Supreme Court Bench to revisit 2013 verdict on poll promises
(GS-II: Structure, organization and functioning of the Executive and the Judiciary)
The Supreme Court said it will constitute a three-judge Bench to re-consider a 2013 judgment which held that pre-poll promises made by a political party cannot constitute a corrupt practice under the Representation of the People (RP) Act.
SC in (S. Subramaniam Balaji Vs Tamil Nadu (2013)) case announced that only an individual candidate, not his party, can commit a ‘corrupt practice’ under the RP Act by promising free gifts.
During a hearing on ways to rein in irrational freebies, The Balaji judgment came under the spotlight after nine years.
Chief Justice N. V. Ramana’s Bench was told that:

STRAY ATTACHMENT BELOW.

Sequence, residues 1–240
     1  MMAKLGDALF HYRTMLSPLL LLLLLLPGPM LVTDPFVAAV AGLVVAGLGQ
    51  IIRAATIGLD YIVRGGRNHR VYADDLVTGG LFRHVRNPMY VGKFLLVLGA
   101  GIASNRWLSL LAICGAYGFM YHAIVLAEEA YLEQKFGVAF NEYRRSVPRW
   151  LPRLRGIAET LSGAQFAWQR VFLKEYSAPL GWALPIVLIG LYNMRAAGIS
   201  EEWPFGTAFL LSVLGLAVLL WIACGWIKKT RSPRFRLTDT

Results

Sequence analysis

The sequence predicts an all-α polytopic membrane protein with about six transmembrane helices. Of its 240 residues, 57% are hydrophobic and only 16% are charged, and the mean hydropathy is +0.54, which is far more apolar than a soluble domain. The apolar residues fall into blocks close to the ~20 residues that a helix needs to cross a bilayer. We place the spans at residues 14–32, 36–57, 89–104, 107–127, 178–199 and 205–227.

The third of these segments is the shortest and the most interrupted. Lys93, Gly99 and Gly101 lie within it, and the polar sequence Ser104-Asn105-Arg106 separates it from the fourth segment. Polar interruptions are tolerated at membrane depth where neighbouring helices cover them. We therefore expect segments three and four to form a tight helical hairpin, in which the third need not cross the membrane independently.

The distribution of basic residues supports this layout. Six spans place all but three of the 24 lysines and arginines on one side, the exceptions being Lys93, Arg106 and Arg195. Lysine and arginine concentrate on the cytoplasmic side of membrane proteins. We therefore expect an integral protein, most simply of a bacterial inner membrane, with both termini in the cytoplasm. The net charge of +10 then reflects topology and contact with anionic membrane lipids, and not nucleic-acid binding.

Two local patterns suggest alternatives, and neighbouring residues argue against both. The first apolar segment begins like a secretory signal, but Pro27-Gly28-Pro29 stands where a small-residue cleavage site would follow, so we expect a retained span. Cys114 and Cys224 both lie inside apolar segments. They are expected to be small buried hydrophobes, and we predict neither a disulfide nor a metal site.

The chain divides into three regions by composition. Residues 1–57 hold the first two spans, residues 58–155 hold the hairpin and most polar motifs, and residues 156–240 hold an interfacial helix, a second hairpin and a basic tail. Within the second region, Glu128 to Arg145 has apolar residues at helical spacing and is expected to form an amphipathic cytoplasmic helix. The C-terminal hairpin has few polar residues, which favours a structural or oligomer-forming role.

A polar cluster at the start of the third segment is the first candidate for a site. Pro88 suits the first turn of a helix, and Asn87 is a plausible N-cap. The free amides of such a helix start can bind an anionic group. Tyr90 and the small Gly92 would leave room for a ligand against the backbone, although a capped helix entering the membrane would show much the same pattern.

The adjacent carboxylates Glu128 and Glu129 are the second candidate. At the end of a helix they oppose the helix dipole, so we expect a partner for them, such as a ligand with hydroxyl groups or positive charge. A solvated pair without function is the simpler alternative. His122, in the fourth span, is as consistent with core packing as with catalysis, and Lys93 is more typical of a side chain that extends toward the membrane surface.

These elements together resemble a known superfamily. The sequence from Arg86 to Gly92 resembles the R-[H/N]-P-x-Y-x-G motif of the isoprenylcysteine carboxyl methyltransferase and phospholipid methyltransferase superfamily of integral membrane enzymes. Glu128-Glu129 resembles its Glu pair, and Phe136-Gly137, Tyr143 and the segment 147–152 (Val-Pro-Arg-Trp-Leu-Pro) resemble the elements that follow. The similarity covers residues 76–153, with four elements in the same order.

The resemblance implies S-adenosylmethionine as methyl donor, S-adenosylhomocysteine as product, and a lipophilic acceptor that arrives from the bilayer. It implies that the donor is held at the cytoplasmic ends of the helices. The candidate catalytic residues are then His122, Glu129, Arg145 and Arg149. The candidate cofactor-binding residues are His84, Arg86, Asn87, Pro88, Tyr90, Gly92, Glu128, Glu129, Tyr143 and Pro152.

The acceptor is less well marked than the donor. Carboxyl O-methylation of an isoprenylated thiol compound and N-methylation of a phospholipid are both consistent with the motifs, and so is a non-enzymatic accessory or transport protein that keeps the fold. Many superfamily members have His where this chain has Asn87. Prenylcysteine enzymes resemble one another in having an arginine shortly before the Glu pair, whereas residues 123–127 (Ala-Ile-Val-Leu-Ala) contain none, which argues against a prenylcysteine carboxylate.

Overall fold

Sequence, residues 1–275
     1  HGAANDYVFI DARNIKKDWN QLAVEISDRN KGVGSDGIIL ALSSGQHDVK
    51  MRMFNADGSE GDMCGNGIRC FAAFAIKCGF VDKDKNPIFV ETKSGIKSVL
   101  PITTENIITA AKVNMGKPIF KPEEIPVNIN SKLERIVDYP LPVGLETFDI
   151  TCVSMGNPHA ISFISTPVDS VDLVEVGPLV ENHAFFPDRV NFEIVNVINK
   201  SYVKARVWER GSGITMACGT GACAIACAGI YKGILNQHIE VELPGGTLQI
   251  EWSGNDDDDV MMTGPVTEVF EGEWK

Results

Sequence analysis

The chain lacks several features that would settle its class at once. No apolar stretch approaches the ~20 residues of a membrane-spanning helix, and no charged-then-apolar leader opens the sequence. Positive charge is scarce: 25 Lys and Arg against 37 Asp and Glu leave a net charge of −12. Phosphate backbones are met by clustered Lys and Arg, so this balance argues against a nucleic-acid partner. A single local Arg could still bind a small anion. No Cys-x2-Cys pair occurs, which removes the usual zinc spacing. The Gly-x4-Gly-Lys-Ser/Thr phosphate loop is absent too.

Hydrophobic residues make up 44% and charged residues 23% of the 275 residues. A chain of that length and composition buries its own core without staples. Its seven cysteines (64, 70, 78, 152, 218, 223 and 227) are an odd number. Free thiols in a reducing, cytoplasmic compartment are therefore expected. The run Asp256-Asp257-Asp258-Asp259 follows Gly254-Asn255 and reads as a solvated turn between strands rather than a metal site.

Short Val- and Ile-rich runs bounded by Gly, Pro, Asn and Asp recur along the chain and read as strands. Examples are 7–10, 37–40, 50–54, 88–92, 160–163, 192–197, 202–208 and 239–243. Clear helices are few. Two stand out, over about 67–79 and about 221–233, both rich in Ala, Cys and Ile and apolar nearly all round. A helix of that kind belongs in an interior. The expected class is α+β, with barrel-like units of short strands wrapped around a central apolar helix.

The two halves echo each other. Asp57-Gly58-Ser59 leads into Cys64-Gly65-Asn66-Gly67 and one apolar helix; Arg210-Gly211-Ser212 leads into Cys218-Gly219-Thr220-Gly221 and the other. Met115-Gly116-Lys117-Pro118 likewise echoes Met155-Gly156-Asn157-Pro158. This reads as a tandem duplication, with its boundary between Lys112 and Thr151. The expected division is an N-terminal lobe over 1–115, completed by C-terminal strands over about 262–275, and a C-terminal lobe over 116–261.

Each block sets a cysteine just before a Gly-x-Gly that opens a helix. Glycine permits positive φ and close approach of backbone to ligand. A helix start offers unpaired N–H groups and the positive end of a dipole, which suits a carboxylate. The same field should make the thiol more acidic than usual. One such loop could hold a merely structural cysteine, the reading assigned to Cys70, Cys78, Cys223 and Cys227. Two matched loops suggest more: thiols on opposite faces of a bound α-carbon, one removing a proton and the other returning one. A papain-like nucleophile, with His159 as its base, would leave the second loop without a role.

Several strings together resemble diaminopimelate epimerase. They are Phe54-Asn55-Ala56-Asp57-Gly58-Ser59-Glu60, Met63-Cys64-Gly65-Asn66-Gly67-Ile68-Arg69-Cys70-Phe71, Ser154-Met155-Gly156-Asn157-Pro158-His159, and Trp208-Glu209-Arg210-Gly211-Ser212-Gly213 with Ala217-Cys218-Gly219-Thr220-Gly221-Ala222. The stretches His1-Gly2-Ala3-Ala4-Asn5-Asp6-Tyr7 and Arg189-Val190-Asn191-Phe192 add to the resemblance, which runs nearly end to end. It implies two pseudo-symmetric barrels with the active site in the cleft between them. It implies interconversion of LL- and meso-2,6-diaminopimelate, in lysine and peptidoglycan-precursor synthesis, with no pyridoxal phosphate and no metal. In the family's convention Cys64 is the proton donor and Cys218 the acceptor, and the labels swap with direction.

There cannot be a dichotomy between a political party and its candidate.
What the candidate promises is what his party wants him to promise. The party cannot escape liability.
Sec 123 of RP Act:
Section 123 of the RP Act deals with ‘corrupt practices’
The provision says it is ‘bribery’ and thus deemed a corrupt practice if any gift, offer or promise of gratification is made to voters directly or indirectly by a candidate or his agent.
Questions on The Balaji judgment:
The judgment had clearly drawn a distinction between an individual candidate put up by a political party and the political party itself.
Rationale of Balaji judgment:
The judgment had held that it was directly part of the Directive Principles of State Policy for a State to distribute “largesse in the form of distribution of colour TVs, laptops, etc., to eligible and deserving persons”.
In what way the State chooses to implement the Directive Principles of State Policy is a policy decision of the State and this court cannot interfere with such decisions unless it is unconstitutional.
Supreme Court’s current observation:
Supreme Court said for identifying the issue and to draw a distinction between welfare schemes and doles, its previous judgment required a relook.